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Hyperthreading & Number of Cores. Parallel computing toolbox

Asked by Matlab2010 on 9 Apr 2014
Latest activity Commented on by Shifan Gao on 8 May 2018
I am using:
MATLAB Version: 8.3.0.532 (R2014a)
MATLAB License Number:
Operating System: Microsoft Windows 8.1 Version 6.3 (Build 9600)
Java Version: Java 1.7.0_11-b21 with Oracle Corporation Java HotSpot(TM) 64-Bit Server VM mixed mode
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MATLAB Version 8.3 (R2014a)
Parallel Computing Toolbox Version 6.4 (R2014a)
I check my number of cores;
feature('numcores')
MATLAB detected: 4 physical cores.
MATLAB detected: 8 logical cores.
MATLAB was assigned: 8 logical cores by the OS.
MATLAB is using: 4 logical cores.
MATLAB is not using all logical cores because hyper-threading is enabled.
ans =
4
I also type;
>> p = parpool(8)
p.NumWorkers
Error using parpool (line 99)
You requested a minimum of 8 workers, but the cluster "local" has the NumWorkers property set to allow a maximum of 4 workers. To run a communicating job on
more workers than this (up to a maximum of 512 for the Local cluster), increase the value of the NumWorkers property for the cluster. The default value of
NumWorkers for a Local cluster is the number of cores on the local machine.
How can I allocate all 8 logical cores for matlab to use when running parfor.m for example? i.e. how can I make MATLAB use/ not use hyperthreading?
thanks

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2 Answers

Answer by Jill Reese
on 9 Apr 2014
 Accepted Answer

Under the Parallel Menu, choose "Manage Cluster Profiles...". This will pull up the Cluster Profile Manager window. Choose the "local" Cluster Profile, click the "Edit" button, and change the value for the NumWorkers property to 8 (or more). That field should be the second one from the top of the window, I think.

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Thanks Ken, that link does discuss this quite thoroughly, and I found it helpful. Sounds like I should stop this quest for this "mythical" missing 50% cpu load. It seems that the way that the OSX Activity Monitor does its accounting is pretty misleading about the actual CPU load (misleading at least to those like me).
Seemingly corroborating this, I just tried turning off the hyperthreading on the Mac, and while the Activity Monitor showed 100% load on all the physical cores, my Matlab process run time was essentially identical to when hyperthreading was turned on (reporting a 50% CPU load).
To further follow up and put another nail in the coffin of my question, I did an additional test on a Mac laptop with 4 physical cores and 8 logical cores. When I ran my program (using parfor), it used 4 workers and took ~200 secs to run. The OSX Activity Monitor utility reported 50% CPU usage (essentially 4 of the 8 cores were used according to the monitor).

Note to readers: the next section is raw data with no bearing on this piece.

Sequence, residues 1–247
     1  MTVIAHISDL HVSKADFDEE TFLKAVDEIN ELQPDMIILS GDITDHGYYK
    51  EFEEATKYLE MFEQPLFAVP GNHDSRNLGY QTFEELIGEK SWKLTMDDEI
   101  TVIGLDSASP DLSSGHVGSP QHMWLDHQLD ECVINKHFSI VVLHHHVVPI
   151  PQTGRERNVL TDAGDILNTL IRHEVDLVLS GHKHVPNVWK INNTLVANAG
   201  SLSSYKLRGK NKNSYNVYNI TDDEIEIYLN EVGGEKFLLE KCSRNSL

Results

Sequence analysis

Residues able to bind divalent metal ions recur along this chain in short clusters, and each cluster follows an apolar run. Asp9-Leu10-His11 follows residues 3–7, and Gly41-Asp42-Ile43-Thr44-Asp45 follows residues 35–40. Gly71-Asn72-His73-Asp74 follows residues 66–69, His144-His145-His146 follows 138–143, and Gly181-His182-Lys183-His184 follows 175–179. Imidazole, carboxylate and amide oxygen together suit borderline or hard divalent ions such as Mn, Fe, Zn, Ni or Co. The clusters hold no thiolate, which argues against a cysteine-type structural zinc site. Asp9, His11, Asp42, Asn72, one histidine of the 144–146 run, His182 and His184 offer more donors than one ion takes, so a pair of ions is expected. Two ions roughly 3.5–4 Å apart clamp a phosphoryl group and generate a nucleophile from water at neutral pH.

Then, I opened a second instance of Matlab on the same computer, and ran the program simultaneously in BOTH instances of Matlab. This time, the OSX Activity monitor reported 100% CPU activity and all 8 cores were fully used. HOWEVER , the run time for each instance was now 400 seconds. I.e., it took twice as long to run two instances of the program. This anecdotally shows that when running only one instance, it really is using close to 100% of the cpu resources, despite what OSX Activity Monitor says.
I hope this saves someone some time in the future. I wasted a full day trying to milk more performance out of my system.
Jeff, the 'additional' 4 logical cores share their resources with the actual 4 cores. Hence using 8 will not help when maxing out the resources. Manufactures thus can then sell you '8' cores ;)
~kai

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Answer by John Videtich on 13 Apr 2018

To resurrect an old thread, I ran a test on a machine with 24 cores / 48 logical (Xeon Gold 6146 x 2).
With 24 workers my calculation was taking 25.5 seconds. With 36 workers it was down to 21 seconds. With 40 workers it was down to 20.3. With 46 workers it was down to 19.8 seconds.
So it would seem hyperthreading does provide a real benefit - in this case, 22% reduction. I'm sure it's workload-dependent.

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Add on: my task takes 33 h with 4 pools and 19 h with 8 pools (i7 4 core). So new edition gives support to that kind of setting?

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